By Michelle Crean
Rescue volunteers are warning the public to stay away from the mountains due to current icy and dangerous conditions - after nine people had to be rescued yesterday (Tuesday).
Kerry Mountain Rescue Team (KMRT) volunteers, tasked at 1pm to assist a male walker who had become crag fast in icy conditions on the Devil’s Ladder Carrauntoohil, found themselves in the midst of an even bigger rescue operation - as three other groups sought help to descend the mountain.
"While a number of team members on the hill made their way to the casualty’s location, another party of three got into difficulty in the same location," Colm Burke PRO with KMRT said.
"Team members roped the casualties and lowered them to easier ground. A further two parties were subsequently lowered from the same location amounting to a total of nine persons in all requiring assistance."
"The team would like to remind people that current conditions in the Reeks are very serious and any route, including traditional walking routes, should only be attempted by those with prior winter mountaineering experience and the appropriate winter climbing equipment including axes and crampons. As we are unfortunately in the early throes of another Level 5 lockdown with cases of COVID-19 at record levels, Kerry Mountain Rescue Team would like to reiterate our previous lockdown stance in relation to the virus. This is a necessary reminder in order to protect our members and their families as well as the casualties themselves."
He added that if you call 999 and ask for Mountain Rescue, they will do what they can, however...
- If you are uninjured, lost or benighted, you will be asked to consider waiting until morning, and/or better visibility to extricate yourself.
- If you are injured but able to walk comfortably you will be asked to consider extricating yourself from the mountain.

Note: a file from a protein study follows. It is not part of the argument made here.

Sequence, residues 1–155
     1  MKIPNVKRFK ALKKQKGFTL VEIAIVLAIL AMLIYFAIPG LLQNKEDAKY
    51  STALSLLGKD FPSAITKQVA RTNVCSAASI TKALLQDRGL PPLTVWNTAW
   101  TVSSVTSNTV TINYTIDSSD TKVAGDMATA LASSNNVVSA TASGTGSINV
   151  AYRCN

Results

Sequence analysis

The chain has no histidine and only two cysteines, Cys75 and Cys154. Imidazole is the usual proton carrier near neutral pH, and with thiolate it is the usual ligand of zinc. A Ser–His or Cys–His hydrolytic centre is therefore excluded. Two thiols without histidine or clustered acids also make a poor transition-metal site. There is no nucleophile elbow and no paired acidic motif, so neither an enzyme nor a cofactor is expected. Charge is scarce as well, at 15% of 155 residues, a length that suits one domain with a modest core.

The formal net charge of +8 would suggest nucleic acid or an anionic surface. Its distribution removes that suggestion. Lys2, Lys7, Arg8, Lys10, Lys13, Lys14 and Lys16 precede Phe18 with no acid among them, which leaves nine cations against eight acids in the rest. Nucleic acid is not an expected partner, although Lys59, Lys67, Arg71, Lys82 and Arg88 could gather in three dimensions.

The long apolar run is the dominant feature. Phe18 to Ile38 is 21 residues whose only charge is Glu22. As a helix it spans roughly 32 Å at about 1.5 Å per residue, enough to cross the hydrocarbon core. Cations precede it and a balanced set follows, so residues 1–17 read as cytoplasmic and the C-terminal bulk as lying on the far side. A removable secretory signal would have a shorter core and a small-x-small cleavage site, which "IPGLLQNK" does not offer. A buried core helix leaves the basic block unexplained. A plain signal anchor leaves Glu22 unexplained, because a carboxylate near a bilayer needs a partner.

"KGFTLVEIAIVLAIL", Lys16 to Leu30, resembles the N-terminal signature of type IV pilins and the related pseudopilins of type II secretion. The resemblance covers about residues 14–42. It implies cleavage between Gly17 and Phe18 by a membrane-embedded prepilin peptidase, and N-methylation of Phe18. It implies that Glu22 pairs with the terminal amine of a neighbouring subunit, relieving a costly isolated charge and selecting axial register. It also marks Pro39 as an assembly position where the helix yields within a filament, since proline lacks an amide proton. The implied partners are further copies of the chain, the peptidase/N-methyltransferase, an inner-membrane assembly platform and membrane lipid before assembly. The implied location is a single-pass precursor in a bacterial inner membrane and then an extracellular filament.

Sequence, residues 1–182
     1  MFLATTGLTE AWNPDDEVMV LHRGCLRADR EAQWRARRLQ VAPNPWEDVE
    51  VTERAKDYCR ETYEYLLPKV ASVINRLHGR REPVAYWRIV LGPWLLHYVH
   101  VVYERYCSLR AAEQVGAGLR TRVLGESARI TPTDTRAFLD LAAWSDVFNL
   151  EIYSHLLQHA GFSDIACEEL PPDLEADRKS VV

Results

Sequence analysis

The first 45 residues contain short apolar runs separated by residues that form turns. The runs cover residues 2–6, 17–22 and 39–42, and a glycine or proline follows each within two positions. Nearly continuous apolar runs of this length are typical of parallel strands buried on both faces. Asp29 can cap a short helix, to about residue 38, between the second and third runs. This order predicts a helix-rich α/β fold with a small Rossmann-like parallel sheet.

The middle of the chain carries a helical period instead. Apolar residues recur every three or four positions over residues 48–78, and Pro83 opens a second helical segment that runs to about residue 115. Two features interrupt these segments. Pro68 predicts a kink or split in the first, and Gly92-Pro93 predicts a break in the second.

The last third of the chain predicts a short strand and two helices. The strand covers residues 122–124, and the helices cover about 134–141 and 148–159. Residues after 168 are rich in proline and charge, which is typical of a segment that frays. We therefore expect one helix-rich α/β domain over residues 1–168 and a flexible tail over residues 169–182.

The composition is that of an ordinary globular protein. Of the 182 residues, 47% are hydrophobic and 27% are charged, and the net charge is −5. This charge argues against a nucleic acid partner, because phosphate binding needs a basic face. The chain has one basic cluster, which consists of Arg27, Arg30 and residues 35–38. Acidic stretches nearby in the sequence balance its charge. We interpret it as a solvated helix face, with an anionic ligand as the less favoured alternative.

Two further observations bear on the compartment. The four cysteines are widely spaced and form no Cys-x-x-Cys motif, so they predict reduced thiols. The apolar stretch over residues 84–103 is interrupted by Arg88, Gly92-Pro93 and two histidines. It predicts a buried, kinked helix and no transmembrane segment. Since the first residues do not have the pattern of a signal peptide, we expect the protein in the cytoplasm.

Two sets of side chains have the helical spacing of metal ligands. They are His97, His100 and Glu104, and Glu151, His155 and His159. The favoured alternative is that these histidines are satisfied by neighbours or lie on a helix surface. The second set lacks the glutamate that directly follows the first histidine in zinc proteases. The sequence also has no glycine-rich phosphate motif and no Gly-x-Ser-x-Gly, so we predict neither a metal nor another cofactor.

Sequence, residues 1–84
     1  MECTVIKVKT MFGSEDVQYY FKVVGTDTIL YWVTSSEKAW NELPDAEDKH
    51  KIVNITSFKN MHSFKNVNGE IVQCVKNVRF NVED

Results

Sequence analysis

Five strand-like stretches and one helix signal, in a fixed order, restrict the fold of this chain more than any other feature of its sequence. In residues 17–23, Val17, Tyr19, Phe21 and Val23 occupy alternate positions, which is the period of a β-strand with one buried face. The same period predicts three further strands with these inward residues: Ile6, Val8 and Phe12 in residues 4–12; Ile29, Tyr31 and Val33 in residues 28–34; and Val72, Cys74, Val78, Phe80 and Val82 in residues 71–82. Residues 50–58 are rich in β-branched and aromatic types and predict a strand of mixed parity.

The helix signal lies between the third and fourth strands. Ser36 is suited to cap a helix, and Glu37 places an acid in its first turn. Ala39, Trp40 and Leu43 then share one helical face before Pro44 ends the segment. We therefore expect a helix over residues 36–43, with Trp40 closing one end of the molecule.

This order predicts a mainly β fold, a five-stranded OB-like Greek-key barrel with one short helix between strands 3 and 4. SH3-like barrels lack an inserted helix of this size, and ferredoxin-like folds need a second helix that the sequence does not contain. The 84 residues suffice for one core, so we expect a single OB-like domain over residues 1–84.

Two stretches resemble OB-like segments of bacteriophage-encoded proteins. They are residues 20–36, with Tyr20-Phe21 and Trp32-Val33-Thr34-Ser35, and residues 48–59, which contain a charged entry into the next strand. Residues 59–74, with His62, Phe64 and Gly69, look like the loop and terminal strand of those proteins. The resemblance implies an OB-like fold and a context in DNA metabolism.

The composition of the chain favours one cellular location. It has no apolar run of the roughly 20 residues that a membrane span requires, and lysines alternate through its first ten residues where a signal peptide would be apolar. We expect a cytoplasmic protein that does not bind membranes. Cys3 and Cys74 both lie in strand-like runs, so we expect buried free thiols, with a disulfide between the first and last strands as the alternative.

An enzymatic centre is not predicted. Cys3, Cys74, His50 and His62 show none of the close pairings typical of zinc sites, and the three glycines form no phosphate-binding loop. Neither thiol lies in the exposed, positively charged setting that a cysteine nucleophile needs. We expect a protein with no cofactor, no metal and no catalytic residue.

- If you are seriously injured, and/or not physically able to get yourself off the hill, we will attend with the absolute minimum of team members needed to complete the task. Because of this, the evacuation will be less straightforward and the overall time to transport you to medical attention will be much longer.
"Helicopter support will only be requested if a time critical injury is sustained, but this is not a guarantee of availability as helicopter operations in the mountains are complex and limited by weather, light conditions etc."
Kerry Mountain Rescue are asking all hill-goers to be considerate of the resources of the Emergency Services at this time by avoiding high mountain terrain such as the McGillycuddy’s Reeks, sticking to lowland paths and walkways while strictly observing social distancing principles and the 5km travel restrictions recently re-imposed by the Government.
"Given the current wintry conditions on the hills in Kerry, and recent observations by team members of extremely ill-equipped parties, we would also like to remind people who are considering venturing into the hills at this time to ensure they are properly equipped (including ice axe and crampons), have sufficient winter mountaineering experience and are complying with Government guidance on travel restrictions."
Katie celebrates 20 years in business
If you enjoy what you do, sure it’s not work at all – and that has been the case for Katie Hickey who has been in business locally for two decades. For the past 20 years Katie has been successfully running Sheer Beauty which is now located at 1 Hogans Lane (Hillary’s Lane). She […]
If you enjoy what you do, sure it’s not work at all – and that has been the case for Katie Hickey who has been in business locally for two decades.